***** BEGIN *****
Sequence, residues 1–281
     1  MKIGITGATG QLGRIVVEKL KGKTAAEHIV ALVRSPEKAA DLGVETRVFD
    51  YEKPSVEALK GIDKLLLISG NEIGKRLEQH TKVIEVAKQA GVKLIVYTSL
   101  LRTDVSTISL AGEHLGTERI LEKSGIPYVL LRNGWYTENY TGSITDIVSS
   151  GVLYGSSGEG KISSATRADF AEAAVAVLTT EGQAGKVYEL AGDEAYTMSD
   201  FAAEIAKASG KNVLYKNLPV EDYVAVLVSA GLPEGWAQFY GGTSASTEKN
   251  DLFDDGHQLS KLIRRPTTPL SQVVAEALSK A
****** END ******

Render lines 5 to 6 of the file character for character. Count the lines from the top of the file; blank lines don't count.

   151  GVLYGSSGEG KISSATRADF AEAAVAVLTT EGQAGKVYEL AGDEAYTMSD
   201  FAAEIAKASG KNVLYKNLPV EDYVAVLVSA GLPEGWAQFY GGTSASTEKN